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The International Politics of Law-enforcement Cooperation

Final Report Summary - IPLEC (The International Politics of Law-enforcement Cooperation)

The goal of the project during the reporting period was to shed light on international cooperation in matters of justice and law enforcement. This subject was addressed through five studies. These studies yielded articles that have been published in the leading journals in the field of international relations, including International Organization, International Studies Quarterly, and the European Journal of International Relations.

Study 1 examined the global efforts against the organ trade, led by the international medical community. These efforts were used as a case study for analyzing socialization processes of nonstate actors and how these facilitate the spread of international norms. This is the first study to empirically examine the political dynamic of the organ trade. For policymakers, this study contains important insights that can enhance the efforts against organ trafficking.

This study yielded an additional article that compared organ trafficking to sex trafficking and labor trafficking. These three phenomena are often conflated as different forms of human trafficking. This article identifies important differences between these phenomena, with implications for scholarly analysis and for policy. It offers insights that are important for the design of anti-trafficking policies.

Study 2 examined the deployment of international police liaisons – a major channel of cooperation against crime and terrorism. Specifically, this study focused on the FBI's presence abroad. Survival analysis found that human rights violations in the host countries significantly reduce the likelihood of an FBI deployment. This study is the first to substantiate a systematic link between human rights and counterterrorism cooperation. It yields implications concerning the establishment of counterterrorism cooperation ties with repressive governments.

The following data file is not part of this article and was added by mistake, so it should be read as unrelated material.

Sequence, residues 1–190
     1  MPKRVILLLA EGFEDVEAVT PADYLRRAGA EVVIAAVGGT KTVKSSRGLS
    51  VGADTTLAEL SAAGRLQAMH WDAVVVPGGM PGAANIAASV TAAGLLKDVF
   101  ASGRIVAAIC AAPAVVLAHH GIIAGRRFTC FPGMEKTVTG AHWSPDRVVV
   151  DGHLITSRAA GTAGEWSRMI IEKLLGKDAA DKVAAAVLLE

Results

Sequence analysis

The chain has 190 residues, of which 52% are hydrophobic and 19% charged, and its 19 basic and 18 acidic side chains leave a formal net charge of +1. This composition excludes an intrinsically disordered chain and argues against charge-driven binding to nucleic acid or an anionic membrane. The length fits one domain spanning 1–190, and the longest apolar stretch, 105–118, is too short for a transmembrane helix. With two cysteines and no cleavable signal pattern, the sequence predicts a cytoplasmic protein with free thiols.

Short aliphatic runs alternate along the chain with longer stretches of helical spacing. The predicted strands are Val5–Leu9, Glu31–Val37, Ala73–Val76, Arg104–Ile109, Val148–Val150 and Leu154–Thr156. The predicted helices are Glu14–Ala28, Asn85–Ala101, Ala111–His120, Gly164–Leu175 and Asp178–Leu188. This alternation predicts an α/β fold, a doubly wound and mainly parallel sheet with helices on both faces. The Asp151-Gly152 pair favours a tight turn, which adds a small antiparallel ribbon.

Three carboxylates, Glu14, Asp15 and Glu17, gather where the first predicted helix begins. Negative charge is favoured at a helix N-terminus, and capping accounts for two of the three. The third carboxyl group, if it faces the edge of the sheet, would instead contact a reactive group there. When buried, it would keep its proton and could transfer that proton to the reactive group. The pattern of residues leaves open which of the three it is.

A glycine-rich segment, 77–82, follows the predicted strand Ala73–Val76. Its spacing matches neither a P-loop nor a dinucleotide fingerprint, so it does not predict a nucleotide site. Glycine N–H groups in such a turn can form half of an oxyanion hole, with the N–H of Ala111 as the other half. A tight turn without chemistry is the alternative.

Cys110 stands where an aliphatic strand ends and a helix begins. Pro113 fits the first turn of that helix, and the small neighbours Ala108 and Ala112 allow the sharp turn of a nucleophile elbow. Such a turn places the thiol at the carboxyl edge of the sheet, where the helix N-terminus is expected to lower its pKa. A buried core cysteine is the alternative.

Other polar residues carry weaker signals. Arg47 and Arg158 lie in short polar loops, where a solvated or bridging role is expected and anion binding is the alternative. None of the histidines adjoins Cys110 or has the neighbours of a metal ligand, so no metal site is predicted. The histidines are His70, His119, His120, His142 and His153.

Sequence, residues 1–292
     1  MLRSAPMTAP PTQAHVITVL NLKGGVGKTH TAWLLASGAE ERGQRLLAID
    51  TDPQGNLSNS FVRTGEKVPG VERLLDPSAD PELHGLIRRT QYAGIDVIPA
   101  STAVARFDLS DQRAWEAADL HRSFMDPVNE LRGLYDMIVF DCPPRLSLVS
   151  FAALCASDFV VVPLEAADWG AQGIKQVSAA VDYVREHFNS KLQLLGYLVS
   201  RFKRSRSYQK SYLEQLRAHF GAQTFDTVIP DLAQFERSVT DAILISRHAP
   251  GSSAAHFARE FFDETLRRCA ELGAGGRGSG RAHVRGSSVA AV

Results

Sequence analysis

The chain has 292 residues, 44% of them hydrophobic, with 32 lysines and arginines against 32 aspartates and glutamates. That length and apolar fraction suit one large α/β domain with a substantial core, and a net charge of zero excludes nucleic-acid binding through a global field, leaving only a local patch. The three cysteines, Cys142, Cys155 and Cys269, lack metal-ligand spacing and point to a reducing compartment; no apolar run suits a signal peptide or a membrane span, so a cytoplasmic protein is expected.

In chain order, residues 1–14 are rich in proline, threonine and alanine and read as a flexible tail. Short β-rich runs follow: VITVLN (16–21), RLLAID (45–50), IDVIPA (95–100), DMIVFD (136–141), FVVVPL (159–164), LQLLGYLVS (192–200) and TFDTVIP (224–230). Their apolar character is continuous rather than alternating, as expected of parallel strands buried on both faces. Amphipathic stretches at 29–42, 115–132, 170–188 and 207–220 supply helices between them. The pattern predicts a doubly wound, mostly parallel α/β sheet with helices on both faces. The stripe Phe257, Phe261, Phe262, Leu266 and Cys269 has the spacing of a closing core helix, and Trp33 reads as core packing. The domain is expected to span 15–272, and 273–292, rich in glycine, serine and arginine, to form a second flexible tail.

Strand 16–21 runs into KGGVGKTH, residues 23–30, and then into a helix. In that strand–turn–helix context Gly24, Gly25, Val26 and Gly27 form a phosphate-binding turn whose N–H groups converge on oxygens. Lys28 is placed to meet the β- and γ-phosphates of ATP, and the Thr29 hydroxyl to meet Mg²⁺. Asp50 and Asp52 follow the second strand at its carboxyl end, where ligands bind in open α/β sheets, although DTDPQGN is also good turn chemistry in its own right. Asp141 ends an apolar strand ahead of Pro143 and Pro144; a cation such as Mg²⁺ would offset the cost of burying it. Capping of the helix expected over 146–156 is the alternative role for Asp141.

Study 3 examined the political economy of international child adoption. It provides the first systematic analysis of the determinants of international adoption flows. More broadly, it advances our understanding of how political influences, such as corruption, shape international migration.

Study 4 examines how states resolve transnational jurisdictional conflicts through deference. In a globalized world, the crossborder movement of people, goods, and information frequently results in legal disputes that come under the jurisdiction of multiple states. The principle of deference – acceptance of the exercise of legal authority by another state – is one mechanism to manage such jurisdictional conflicts. This study sheds light on this overlooked mechanism by exploring the efforts against parental child abduction and how they are shaped by fairness considerations. This has important implications for understanding the legal frictions that accompany globalization.

Study 5 examines international legal harmonization: the efforts to boost international trade by unifying the private-law rules governing transnational commercial matters. Specifically, this study investigates the relationship between private-law harmonization and the public-law instrument of preferential trade agreements. This allows us to paint a fuller picture of the international efforts to enhance trade.

Overall, Dr. Efrat has shown a strong ability to communicate the findings of these studies to diverse audiences. His research has been published in leading journals in the field of international relations as well as journals in the fields of criminology and medicine.